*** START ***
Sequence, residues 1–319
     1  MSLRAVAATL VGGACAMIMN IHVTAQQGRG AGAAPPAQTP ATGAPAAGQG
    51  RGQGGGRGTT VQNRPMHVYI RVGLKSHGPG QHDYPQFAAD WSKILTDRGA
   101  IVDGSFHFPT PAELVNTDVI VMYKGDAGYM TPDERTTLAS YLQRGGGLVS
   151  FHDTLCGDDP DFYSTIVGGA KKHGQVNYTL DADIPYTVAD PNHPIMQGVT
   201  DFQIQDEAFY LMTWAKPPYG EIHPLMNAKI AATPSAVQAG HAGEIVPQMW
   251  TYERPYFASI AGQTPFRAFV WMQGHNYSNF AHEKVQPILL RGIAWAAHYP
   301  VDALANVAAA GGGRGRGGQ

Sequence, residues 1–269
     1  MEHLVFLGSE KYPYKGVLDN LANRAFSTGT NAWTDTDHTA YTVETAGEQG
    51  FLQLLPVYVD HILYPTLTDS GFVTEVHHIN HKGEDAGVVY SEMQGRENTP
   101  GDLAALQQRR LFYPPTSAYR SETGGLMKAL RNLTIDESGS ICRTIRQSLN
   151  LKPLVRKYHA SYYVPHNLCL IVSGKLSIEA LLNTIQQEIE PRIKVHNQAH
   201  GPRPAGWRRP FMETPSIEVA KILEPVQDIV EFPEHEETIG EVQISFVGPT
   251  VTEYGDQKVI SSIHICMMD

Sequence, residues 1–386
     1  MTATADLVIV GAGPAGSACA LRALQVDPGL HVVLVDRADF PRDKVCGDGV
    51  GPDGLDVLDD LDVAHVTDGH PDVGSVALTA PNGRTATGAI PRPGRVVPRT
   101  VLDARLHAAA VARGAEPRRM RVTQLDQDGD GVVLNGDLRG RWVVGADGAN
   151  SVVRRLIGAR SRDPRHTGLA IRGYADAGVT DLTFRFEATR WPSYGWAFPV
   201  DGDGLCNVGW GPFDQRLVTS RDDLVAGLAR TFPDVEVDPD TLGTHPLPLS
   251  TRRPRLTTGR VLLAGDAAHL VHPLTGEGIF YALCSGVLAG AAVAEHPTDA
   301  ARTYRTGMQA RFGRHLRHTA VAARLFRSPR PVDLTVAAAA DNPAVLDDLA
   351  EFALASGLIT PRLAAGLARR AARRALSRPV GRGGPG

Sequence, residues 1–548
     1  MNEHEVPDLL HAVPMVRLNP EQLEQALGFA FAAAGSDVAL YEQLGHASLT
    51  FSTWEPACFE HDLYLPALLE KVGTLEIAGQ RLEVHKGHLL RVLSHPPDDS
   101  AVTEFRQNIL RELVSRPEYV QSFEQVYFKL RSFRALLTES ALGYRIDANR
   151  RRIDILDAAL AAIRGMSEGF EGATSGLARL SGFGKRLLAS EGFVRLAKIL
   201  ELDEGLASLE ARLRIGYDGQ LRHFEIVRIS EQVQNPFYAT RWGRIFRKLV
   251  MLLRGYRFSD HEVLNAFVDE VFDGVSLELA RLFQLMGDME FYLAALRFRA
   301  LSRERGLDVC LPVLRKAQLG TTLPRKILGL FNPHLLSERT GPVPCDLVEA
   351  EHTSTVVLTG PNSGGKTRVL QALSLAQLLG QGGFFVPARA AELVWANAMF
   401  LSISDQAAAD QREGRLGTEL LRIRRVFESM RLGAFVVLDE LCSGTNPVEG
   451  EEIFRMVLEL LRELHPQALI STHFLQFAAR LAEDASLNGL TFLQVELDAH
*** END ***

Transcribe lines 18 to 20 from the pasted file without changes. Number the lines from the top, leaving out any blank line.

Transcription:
    51  GPDGLDVLDD LDVAHVTDGH PDVGSVALTA PNGRTATGAI PRPGRVVPRT
   101  VLDARLHAAA VARGAEPRRM RVTQLDQDGD GVVLNGDLRG RWVVGADGAN
   151  SVVRRLIGAR SRDPRHTGLA IRGYADAGVT DLTFRFEATR WPSYGWAFPV